May 31 (UPI) -- After years of resistance and a ruling by the U.S. Supreme Court, the state of Virginia is ready to begin a process to expand its Medicaid program to cover an additional 400,000 people.
Virginia Gov. Ralph Northam said he will sign a two-year budget passed by lawmakers late Wednesday that will start a two-phase process to acquire federal funds to pay for the expansion.
"It will expand health care for up to 400,000 people who need it," Northam said. "It will invest in schools, workforce training, public safety, and an economy that works better for every Virginian, no matter who they are or where they live.
"The loudest voices in this long-standing conversation on Medicaid expansion have been those of Virginians. We have heard you. This is a victory for all Virginians."
The expansion follows years of opposition from conservative Republican lawmakers and a 2012 Supreme Court ruling that said states can expand their Medicaid programs under the Affordable Care Act.
Four Republicans joined 19 Democrats in the Virginia Senate to pass the bill. If the state is granted federal funding, the expanded Medicaid will take effect Jan. 1.
Virginia Republican Senate Majority Leader Thomas Norment Jr. slammed the vote and activists who had pushed for its passage.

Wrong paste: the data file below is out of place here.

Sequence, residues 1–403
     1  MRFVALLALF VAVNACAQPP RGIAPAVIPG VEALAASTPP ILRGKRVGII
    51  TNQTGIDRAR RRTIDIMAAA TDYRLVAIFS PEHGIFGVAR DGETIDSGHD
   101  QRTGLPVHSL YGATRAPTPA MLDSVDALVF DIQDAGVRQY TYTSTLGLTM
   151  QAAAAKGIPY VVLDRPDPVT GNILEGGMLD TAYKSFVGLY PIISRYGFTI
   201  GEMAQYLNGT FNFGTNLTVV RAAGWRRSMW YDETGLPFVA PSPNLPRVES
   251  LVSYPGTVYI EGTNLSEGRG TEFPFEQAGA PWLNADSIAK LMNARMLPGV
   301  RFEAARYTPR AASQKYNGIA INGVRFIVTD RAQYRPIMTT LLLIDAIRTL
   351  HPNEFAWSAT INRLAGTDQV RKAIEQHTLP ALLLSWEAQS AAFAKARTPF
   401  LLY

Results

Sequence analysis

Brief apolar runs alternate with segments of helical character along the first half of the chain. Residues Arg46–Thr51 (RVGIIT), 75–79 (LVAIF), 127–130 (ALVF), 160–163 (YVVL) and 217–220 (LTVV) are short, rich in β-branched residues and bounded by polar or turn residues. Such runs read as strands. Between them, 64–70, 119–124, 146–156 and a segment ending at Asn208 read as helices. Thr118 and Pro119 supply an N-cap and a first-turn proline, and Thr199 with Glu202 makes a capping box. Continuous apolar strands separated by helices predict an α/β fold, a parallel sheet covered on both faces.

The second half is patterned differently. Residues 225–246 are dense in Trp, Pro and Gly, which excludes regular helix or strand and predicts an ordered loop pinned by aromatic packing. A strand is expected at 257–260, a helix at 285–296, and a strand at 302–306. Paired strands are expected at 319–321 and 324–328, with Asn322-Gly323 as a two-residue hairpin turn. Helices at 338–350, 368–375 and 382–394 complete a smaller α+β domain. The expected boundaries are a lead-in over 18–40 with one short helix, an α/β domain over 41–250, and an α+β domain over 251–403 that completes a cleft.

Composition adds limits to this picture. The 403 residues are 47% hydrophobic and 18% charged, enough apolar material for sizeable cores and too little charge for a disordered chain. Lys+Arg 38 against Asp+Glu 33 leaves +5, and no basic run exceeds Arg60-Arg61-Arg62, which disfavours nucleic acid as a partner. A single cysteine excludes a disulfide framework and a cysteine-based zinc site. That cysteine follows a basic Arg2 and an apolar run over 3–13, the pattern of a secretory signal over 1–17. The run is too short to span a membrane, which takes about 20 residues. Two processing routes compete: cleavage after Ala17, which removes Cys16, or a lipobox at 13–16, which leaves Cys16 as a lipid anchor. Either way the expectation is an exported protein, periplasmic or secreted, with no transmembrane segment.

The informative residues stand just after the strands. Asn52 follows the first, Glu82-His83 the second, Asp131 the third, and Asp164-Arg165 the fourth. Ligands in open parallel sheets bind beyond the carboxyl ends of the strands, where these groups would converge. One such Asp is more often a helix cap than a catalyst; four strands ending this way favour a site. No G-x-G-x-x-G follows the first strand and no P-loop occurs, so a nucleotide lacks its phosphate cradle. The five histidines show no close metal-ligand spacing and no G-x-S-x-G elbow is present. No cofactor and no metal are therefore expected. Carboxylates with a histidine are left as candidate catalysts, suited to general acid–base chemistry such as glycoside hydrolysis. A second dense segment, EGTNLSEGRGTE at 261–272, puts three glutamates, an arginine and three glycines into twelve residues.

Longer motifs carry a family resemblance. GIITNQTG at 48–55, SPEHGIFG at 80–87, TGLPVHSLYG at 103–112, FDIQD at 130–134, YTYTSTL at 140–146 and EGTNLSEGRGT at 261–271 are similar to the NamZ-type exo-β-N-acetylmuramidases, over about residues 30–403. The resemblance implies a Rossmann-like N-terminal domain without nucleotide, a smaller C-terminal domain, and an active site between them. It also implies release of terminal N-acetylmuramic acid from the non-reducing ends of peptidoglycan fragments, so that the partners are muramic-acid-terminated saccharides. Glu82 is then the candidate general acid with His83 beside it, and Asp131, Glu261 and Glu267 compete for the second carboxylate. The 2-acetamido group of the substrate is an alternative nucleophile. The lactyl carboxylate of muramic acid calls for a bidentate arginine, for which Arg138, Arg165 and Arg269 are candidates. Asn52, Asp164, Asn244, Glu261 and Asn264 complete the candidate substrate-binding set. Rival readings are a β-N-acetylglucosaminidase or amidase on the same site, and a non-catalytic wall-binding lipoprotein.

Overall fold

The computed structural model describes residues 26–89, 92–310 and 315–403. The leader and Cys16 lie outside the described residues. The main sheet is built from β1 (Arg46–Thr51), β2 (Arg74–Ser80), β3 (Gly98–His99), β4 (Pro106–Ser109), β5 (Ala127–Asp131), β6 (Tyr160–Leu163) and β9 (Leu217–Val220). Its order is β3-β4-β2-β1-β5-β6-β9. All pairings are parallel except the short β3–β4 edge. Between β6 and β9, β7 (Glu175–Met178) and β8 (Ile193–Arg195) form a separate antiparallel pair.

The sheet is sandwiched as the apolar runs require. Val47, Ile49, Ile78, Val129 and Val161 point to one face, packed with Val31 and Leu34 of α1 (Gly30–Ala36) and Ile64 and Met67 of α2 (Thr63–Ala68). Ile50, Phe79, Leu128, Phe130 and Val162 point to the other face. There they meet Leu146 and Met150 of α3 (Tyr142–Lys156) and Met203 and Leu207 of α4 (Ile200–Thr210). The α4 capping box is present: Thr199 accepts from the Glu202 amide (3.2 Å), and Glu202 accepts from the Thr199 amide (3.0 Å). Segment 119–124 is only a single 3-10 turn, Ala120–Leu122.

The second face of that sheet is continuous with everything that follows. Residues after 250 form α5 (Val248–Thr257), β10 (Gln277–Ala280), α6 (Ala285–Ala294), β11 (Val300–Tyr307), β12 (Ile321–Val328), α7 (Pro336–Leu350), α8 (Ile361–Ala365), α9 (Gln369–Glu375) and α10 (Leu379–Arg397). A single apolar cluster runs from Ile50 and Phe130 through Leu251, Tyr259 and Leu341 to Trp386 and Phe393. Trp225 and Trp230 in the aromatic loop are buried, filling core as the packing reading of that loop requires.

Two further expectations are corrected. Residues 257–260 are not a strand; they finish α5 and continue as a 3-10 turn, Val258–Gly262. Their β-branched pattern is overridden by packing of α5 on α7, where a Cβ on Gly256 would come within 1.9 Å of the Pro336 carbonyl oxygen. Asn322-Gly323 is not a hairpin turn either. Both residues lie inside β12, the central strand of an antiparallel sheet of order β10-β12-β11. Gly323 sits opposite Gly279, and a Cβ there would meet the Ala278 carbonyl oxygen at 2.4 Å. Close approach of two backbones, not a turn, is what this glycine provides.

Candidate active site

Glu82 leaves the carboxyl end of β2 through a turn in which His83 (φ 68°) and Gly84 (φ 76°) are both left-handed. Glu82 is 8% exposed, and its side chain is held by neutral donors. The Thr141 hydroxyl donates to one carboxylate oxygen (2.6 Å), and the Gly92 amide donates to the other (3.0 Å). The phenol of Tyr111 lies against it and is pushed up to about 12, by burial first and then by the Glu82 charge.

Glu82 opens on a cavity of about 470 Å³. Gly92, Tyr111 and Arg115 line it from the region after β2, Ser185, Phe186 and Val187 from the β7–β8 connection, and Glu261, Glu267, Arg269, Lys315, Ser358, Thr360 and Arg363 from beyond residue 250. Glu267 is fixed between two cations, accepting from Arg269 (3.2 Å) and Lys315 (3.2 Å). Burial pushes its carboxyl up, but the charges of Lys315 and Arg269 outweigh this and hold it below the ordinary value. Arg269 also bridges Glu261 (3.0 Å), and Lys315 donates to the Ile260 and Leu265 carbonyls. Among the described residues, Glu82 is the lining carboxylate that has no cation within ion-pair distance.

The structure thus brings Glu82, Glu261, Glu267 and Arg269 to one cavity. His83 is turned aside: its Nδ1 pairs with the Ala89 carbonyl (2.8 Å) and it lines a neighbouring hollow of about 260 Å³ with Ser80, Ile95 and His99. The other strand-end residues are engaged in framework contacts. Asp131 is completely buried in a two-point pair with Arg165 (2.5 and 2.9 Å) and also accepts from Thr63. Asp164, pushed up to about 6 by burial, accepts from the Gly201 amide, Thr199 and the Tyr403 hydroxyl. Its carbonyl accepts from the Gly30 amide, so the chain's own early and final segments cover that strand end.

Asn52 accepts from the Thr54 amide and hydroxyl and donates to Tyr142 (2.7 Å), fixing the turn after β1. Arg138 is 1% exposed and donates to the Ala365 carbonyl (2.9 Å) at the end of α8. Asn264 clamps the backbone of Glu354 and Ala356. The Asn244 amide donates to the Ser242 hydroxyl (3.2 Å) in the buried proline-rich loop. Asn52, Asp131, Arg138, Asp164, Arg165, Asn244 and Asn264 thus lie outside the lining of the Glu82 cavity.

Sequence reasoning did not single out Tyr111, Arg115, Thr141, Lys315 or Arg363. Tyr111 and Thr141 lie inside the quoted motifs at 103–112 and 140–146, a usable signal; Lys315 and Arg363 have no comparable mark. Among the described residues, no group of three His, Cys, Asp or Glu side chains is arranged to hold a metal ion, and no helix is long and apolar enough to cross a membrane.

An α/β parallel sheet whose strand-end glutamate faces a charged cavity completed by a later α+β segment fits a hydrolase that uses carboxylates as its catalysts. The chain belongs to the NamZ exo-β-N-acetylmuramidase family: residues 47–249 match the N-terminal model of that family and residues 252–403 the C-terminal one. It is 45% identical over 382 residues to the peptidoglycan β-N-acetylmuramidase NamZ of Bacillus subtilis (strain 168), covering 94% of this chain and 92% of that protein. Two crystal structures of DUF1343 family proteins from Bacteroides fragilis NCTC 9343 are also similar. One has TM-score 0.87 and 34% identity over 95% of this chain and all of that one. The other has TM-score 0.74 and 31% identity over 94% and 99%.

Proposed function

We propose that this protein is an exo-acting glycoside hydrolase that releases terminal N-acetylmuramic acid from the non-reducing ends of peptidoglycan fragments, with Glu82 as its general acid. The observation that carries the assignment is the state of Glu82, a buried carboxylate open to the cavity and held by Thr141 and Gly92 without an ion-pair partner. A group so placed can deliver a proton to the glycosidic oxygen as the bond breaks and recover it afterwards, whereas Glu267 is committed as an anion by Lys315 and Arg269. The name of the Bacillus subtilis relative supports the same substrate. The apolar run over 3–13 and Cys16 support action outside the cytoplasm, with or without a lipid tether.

"In the years I have been in the Senate, I have never been treated more disrespectfully by some of these advocacy groups," he said. "Lying down in front of my office . . . with made-up tombstones, asking people to blow their horns when they go past my law office.
"The verbal abuse I took yesterday ... was unbelievable."
Democrats, including 2016 presidential candidate Hillary Clinton, championed the legislation.
"Virginia just became the 33rd state to pass Medicaid expansion," she tweeted. "400,000 lives will be improved by giving people access to health insurance. Bold ideas matter. Democratic values matter. Elections matter."
The state's proposed budget also invests in economic priorities such as education and workforce training and increases the state's cash reserves.